Mercedes Successfully Tests “Future Bus” Autonomous Driving Concept Vehicle in Amsterdam
The wave of the future can be found in the assisted driving and semi-autonomous driving systems that will one day develop into fully autonomous systems that will drive a vehicle without the input or intervention of a human driver. Proponents of the technology promise that computer systems can theoretically drive much more efficiently and safely than a human while simultaneously freeing the driver to engage in tasks other than keeping his or her eyes on the highway. Many evangelists for the technology promise a zero accident future once autonomous driving systems are standard on all vehicles.
It is true that Tesla and its Autopilot feature occupy a significant amount of the media attention regarding self-driving cars and trucks. While consumer targeted autonomous driving systems are certainly interesting and of interest to the general public, one could argue that these systems will have an even more significant impact when they are deployed commercially. Autonomous trucks and buses have the potential to revolutionize the way business is handled and how people and goods are transported. This future recently inched ever closer following Mercedes’s recent successful test of one of its self-driving technologies.
Self-Driving Bus Successfully Navigates the City Streets of Amsterdam
Engineers for Mercedes-Benz have developed a number of assistive and autonomous driving technologies. Its Highway Pilot system is probably already familiar to truck and other commercial drivers. The HighwayPilot system is a developing assistive driving technology that helps commercial vehicle operators drive their vehicles more safely and efficiently. While HighwayPilot is not an autonomous driving technology, its sensors, and predictive algorithms can apparently already make commercial driving on major highways safer.
However, the system that was actually used to navigate the bus through the streets of Amsterdam is one that even commercial drivers may not yet be familiar. Mercedes-Benz’s CityPilot system allowed the “Future Bus” to successfully navigate the city’s streets for twelve full miles of intense city driving. He CityPilot technology is able to semi-autonomously control city and commercial buses in the dense traffic of a city center. The technology can control a bus at speeds up to 43 miles an hour. The buses must remain in specially designated bus lanes. The system can successfully pull up to and away from bus stops, communicate with traffic signals, and automatically brake for pedestrians and other obstacles. A human bus driver is required to oversee the system’s operation and intervene should the system make an error.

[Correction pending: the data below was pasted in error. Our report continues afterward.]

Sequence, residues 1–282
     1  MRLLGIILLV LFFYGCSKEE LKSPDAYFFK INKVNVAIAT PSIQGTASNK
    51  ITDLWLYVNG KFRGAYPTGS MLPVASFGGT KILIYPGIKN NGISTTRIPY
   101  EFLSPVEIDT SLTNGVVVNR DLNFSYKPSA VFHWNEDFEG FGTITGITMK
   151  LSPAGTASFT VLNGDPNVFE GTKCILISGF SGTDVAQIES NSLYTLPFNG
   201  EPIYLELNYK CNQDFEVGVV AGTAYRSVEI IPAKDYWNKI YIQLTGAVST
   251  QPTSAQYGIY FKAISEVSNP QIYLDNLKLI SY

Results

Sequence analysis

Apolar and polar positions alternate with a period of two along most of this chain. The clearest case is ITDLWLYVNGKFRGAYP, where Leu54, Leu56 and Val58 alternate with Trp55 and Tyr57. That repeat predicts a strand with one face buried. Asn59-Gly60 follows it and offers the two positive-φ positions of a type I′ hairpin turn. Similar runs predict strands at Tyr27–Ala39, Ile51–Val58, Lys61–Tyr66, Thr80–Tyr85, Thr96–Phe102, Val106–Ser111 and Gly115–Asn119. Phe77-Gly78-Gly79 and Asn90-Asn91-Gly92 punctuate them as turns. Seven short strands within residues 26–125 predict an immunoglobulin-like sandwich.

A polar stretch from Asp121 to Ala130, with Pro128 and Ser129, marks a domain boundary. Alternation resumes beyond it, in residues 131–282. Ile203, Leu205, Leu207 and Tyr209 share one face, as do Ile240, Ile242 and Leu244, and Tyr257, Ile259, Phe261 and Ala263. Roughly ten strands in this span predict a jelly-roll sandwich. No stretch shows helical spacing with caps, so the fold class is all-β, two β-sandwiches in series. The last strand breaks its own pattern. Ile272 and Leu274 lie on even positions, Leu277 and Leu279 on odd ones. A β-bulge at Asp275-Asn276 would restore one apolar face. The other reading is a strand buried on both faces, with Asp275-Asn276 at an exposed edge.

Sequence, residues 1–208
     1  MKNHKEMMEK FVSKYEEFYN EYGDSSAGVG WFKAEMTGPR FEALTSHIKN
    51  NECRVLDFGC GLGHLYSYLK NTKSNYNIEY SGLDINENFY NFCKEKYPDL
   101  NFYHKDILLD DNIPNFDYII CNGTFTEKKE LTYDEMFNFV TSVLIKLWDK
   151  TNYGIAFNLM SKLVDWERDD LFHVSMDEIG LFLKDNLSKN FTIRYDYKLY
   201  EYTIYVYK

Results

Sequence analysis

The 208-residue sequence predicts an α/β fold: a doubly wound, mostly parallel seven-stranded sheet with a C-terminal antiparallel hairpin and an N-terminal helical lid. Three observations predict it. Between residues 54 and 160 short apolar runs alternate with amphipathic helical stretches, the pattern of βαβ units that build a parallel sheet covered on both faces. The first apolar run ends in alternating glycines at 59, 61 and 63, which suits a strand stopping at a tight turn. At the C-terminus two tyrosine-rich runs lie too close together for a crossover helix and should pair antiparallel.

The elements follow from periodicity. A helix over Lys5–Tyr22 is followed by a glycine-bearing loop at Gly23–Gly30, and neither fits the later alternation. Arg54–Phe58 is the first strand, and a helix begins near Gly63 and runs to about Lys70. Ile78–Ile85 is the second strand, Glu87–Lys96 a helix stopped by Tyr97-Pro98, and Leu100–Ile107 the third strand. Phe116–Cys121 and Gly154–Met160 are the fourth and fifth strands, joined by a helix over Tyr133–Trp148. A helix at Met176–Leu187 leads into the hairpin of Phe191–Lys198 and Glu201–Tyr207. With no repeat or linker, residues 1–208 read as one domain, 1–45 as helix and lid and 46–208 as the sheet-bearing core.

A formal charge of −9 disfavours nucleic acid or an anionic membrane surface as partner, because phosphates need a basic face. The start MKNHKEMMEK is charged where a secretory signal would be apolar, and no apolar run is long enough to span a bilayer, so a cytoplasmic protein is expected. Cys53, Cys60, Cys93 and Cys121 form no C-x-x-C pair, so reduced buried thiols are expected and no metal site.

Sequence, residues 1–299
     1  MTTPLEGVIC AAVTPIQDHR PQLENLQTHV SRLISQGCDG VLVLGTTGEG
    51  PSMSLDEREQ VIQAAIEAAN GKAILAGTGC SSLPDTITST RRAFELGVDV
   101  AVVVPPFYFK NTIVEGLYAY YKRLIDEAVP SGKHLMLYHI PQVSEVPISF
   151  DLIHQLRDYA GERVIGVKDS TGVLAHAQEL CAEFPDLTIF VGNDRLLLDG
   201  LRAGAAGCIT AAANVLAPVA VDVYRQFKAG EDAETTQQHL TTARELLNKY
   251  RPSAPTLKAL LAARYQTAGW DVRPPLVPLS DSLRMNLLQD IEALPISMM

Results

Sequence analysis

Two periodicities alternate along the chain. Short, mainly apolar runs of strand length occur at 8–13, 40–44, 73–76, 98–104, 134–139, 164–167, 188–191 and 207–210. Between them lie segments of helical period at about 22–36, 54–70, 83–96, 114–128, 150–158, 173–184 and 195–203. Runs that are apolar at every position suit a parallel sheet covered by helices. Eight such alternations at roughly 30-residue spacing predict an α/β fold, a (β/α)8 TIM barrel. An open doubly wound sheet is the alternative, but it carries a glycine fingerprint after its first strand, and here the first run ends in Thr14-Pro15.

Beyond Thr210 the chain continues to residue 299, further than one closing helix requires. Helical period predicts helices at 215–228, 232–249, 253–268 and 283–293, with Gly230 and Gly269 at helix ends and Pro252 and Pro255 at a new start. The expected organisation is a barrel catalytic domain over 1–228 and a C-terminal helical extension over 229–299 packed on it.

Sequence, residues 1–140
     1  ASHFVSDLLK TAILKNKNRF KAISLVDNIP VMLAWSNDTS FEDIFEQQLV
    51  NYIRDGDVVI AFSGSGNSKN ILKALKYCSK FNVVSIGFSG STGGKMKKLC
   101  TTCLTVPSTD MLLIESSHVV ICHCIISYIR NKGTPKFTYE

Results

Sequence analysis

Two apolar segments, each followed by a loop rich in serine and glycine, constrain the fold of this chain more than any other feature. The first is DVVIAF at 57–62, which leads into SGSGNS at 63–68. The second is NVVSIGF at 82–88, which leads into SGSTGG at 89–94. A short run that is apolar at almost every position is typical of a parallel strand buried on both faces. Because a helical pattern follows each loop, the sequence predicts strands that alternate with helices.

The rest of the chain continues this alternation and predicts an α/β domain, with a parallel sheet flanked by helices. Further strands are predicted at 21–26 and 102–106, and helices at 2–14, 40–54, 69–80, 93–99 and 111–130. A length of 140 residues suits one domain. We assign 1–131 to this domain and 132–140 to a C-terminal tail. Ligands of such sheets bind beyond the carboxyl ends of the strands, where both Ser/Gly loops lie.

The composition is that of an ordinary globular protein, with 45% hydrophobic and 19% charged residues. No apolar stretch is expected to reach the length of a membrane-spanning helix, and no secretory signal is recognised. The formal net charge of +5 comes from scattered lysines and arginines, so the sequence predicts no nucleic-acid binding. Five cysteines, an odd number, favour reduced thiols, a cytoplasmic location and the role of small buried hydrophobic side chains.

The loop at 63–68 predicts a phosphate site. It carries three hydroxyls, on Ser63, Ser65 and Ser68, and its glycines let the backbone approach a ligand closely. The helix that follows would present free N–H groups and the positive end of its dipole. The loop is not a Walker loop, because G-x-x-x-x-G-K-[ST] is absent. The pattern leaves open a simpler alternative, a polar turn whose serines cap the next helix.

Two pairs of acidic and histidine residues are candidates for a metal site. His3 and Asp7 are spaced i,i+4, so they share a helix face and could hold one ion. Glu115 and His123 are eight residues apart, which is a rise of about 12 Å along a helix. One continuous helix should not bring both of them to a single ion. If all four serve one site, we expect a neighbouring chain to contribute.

While the progress made by the CityPilot system is impressive, the system still requires a significant amount of work before it will be ready to be deployed more broadly. HighwayPilot is expected to make it to production vehicles by 2020. However, CityPilot as a platform is unlikely to make it into production vehicles in the near-term. Rather, it appears that Mercedes-Benz will integrate parts of the system piecemeal into commercial and consumer vehicles.
The Potential Benefits of Autonomous Buses in Urban Areas
City buses are particularly utilitarian in their ability to transport individuals within a city or to a distant destination. However, the combination of large commercial buses and a significant number of pedestrians in cramped urban environments is frequently a recipe for disaster. While pedestrian vehicle injuries can be inflicted by commercial buses in a broad array of situations, this risk is most pronounced when the bus makes a left-hand turn. In fact, according to NHTSA data, bus left-hand turn injuries are about twice as common as the next cause of injury.
Each year, thousands of people suffer serious injuries due to blind spots and visibility issues associated with commercial buses. However, autonomous bus pedestrian injuries could be significantly reduced through the deployment of autonomous driving technologies. Unlike a human driver who can only rely on their own eyes and ears, autonomous vehicles rely on data provided by an array of sensors. These sensors can be strategically positioned around the vehicle to better perceive pedestrians who may enter into the driver’s blind spots. Furthermore, redundant systems can be deployed to minimize the chances of a malfunction or a failure to perceive a danger. These steps could significantly reduce the number of pedestrian accidents that occur. Risks could be further mitigated by national mandatory side underride guard legislation.
Injured by a Commercial Truck or Bus?
If you have suffered a serious, life-altering injury due to a city bus or other commercial vehicle, our truck accident lawyers may be able to fight for you. Attorney Jeff Reiff has more than three decades of experience fighting for individuals injured by commercial trucks and buses. To schedule a free and confidential legal consultation with our legal team call (215) 709-6940 today or contact us online through the form in the left sidebar.